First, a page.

September 17, 2013 | In just two weeks, people across the country will begin to access affordable health insurance through the new health insurance marketplace, and Michigan’s Health Centers are training and preparing to help link Michigan residents with new coverage options.
More than 175 Health Center outreach and enrollment staff members are becoming Certified Application Counselors (CACs) to learn how best to assist their patients and community members in understanding the Marketplace and enrolling in a health plan; many already assist their patients with applications for Medicaid, CHIP, prescription assistance and more.
“The Affordable Care Act and Healthy Michigan Plan combined will help hundreds of thousands of our neighbors have a way to access health care they can afford,” said Michigan Primary Care Association CEO, Kim Sibilsky. “As they seek information about programs, they’ll turn to trusted sources in the community, and our Health Centers stand ready to be that trusted resource and provide hands-on assistance in the community.”
The Affordable Care Act, signed into law in 2010, provides tax credits for working individuals and establishes the Health Insurance Marketplace for consumers to buy private insurance. Health insurance plans in the Marketplace, which opens on October 1, are required to cover basic things like preventive care, maternity care, prescriptions, and emergency care, as well as other essential health benefits. The Healthy Michigan Plan, signed into law yesterday by Michigan Governor Rick Snyder, reforms and expands Medicaid to Michiganders earning up to 138 percent of the Federal Poverty Level. Coverage in both plans will begin in 2014.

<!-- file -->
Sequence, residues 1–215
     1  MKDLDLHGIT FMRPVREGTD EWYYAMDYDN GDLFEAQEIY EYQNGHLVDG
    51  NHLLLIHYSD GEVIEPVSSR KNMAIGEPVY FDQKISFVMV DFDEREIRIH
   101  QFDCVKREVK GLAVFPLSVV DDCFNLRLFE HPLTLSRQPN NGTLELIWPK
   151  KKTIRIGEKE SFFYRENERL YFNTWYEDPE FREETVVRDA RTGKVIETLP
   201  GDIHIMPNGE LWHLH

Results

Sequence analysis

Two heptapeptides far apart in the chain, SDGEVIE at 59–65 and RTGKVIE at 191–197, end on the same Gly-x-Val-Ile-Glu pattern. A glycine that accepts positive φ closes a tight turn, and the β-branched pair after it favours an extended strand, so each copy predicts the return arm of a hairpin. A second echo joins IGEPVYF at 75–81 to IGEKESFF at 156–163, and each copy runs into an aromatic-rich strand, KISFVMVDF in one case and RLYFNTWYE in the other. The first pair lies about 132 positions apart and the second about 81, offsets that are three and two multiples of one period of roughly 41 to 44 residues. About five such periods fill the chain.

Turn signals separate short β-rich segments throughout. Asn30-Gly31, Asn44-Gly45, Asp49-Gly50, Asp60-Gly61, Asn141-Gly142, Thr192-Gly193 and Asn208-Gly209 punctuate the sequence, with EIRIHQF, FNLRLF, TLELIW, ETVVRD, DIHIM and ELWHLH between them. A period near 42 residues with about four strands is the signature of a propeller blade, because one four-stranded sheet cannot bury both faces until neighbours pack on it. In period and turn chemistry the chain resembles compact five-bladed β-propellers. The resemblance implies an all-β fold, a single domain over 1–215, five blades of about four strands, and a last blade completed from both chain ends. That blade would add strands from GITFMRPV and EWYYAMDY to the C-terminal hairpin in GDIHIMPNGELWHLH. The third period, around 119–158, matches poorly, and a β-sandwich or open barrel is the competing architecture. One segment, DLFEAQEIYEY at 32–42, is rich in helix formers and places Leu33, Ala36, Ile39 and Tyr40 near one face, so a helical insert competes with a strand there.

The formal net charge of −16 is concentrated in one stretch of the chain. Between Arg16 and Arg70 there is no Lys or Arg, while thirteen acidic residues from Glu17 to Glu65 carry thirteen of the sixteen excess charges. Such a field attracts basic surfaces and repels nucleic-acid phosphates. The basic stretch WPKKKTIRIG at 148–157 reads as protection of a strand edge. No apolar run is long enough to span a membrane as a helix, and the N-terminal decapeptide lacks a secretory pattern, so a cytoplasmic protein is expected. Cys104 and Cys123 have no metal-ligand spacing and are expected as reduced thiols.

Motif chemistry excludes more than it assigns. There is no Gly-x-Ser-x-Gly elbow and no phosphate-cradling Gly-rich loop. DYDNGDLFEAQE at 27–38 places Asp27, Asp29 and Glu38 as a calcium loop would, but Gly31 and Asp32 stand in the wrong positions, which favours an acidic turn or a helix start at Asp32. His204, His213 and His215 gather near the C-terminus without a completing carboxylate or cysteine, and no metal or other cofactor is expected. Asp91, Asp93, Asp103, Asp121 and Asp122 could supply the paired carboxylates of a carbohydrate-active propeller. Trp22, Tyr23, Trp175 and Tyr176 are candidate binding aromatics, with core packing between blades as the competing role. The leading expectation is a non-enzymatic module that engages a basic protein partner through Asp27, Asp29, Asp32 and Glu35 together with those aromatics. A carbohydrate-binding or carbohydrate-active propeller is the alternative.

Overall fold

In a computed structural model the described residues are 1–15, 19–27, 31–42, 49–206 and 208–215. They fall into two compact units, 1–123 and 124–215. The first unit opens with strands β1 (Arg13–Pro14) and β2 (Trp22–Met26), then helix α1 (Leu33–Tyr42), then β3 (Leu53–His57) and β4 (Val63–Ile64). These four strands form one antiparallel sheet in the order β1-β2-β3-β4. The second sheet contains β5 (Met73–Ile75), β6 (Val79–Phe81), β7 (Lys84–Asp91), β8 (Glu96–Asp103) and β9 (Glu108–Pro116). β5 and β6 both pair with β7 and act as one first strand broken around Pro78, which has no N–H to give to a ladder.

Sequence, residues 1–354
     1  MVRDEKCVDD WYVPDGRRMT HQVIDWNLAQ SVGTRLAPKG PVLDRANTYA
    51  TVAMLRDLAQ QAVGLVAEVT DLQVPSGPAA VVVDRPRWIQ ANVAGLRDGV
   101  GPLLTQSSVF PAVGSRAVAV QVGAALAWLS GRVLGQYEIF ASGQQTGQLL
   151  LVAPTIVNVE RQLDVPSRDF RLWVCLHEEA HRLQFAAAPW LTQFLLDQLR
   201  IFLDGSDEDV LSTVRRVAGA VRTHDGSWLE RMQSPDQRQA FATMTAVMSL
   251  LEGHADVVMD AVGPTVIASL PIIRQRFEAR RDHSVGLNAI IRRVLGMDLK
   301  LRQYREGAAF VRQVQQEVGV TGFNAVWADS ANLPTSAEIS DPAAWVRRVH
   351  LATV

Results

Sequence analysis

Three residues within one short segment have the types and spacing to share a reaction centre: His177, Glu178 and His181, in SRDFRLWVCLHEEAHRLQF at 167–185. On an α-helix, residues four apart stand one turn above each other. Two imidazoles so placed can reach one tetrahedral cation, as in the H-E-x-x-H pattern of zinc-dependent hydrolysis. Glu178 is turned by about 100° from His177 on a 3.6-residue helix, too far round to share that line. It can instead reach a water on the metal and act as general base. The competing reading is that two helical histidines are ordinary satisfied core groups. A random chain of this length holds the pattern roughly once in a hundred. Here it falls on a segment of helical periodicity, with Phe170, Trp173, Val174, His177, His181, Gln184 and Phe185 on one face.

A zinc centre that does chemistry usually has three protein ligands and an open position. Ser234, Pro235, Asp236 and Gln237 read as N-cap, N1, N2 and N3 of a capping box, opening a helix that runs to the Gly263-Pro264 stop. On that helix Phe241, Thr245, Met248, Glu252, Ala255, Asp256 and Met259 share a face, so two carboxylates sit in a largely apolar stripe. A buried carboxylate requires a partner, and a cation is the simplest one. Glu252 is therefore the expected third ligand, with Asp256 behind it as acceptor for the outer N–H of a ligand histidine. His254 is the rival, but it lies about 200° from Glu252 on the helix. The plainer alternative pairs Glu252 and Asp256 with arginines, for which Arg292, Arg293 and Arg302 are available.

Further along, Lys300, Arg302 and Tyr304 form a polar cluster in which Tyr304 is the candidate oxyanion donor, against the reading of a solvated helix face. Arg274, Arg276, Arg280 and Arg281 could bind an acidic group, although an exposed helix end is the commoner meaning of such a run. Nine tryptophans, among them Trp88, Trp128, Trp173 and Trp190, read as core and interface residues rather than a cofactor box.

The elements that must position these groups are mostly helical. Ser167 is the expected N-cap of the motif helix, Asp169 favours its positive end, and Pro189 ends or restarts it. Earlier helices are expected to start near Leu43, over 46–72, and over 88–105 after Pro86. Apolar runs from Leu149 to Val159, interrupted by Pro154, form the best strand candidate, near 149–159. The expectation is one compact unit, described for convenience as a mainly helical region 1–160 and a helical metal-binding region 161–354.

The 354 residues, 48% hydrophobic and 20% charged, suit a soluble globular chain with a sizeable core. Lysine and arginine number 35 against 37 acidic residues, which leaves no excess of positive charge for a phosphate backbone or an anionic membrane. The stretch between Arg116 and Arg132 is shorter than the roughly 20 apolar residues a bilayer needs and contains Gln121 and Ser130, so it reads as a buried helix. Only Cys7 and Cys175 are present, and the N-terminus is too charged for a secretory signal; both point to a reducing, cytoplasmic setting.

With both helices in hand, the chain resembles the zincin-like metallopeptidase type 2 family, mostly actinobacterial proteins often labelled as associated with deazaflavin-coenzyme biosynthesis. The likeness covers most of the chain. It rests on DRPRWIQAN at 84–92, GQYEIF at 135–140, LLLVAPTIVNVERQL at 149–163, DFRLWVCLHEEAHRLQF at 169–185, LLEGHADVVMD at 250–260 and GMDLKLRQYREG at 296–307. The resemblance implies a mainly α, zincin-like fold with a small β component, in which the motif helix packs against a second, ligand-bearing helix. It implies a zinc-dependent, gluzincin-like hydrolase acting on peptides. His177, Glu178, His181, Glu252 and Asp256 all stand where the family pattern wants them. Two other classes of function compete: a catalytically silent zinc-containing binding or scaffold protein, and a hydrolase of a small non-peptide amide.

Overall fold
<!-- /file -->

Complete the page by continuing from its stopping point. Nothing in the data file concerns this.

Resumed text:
Governor Snyder held a press conference yesterday to sign the legislation and recognize lawmakers and coalition members who worked on creating the plan and getting it passed by the Michigan legislature. Snyder said the thousands of people seeking care in emergency rooms often do so when a condition is out of control and more expensive to treat.
“Finally we had the opportunity to do something about it, to step up and say they deserved a better answer,” Snyder said.
Snyder said that the work wasn’t finished with just the passing of this legislation and it will take health care workers to make sure people are educated on their coverage options, understand their personal responsibilities and work toward wellness.
Earlier this year, the U.S. Health and Human Services Department awarded 31 Michigan Health Centers funds to hire nearly 70 new outreach and enrollment workers. Those workers, combined with the more than 100 already working at Health Centers across the state, are already helping their communities by promoting information on how to prepare for the impending health care changes. Trained Health Centers along with Navigators and other assisters will be listed on HealthCare.Gov so Michigan residents can access in-person help in their community.
“Our Health Center outreach and enrollment workers have spent the past several months creating outreach plans that will benefit their communities,” Sibilsky said. “As we work toward a healthier Michigan, people throughout the state can benefit from the teams on the ground at Health Centers – from education and enrollment assistance to clinical services.”
Source: Michigan Primary Care Association
Source link: http://mpca.net/displaycommon.cfm?an=1&subarticlenbr=96#houseconcurshb4714